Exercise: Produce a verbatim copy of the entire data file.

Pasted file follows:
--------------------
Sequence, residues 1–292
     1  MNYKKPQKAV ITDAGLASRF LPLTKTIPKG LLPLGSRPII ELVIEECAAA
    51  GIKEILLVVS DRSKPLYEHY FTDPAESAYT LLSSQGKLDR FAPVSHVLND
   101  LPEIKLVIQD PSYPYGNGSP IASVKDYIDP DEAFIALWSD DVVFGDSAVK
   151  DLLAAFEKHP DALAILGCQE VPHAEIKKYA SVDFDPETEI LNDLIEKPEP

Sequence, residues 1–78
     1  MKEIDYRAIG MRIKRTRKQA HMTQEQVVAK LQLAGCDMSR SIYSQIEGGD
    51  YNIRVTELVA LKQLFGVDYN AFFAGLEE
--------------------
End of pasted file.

Sequence, residues 1–292
     1  MNYKKPQKAV ITDAGLASRF LPLTKTIPKG LLPLGSRPII ELVIEECAAA
    51  GIKEILLVVS DRSKPLYEHY FTDPAESAYT LLSSQGKLDR FAPVSHVLND
   101  LPEIKLVIQD PSYPYGNGSP IASVKDYIDP DEAFIALWSD DVVFGDSAVK
   151  DLLAAFEKHP DALAILGCQE VPHAEIKKYA SVDFDPETEI LNDLIEKPEP

Sequence, residues 1–78
     1  MKEIDYRAIG MRIKRTRKQA HMTQEQVVAK LQLAGCDMSR SIYSQIEGGD
    51  YNIRVTELVA LKQLFGVDYN AFFAGLEE